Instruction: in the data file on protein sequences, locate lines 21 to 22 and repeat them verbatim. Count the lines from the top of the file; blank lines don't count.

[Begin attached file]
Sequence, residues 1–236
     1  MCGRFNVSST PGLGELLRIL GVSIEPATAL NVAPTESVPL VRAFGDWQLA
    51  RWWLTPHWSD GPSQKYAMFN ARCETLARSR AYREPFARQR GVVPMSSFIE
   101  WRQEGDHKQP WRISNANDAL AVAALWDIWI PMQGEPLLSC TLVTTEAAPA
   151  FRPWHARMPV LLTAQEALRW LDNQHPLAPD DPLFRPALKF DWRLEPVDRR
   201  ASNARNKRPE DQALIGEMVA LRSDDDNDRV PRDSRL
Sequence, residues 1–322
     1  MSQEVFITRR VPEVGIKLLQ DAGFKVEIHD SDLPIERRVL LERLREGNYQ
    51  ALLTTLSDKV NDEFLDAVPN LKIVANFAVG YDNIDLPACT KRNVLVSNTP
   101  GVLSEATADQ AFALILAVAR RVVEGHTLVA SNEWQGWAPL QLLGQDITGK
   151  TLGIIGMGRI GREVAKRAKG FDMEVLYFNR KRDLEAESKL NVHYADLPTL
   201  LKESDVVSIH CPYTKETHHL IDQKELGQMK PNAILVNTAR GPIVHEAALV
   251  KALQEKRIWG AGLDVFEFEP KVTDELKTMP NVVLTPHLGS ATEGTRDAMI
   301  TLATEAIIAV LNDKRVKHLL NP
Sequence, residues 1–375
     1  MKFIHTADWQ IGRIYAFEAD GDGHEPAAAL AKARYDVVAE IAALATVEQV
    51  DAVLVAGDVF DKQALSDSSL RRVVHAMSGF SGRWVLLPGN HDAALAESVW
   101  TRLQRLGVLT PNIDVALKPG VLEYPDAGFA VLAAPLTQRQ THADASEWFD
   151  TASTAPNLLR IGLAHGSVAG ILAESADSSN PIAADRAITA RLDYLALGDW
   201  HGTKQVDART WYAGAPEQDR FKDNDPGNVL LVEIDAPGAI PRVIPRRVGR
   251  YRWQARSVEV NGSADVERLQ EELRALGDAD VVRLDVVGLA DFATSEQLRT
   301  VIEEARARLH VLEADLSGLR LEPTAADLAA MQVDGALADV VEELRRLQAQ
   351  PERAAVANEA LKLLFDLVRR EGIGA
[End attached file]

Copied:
   251  YRWQARSVEV NGSADVERLQ EELRALGDAD VVRLDVVGLA DFATSEQLRT
   301  VIEEARARLH VLEADLSGLR LEPTAADLAA MQVDGALADV VEELRRLQAQ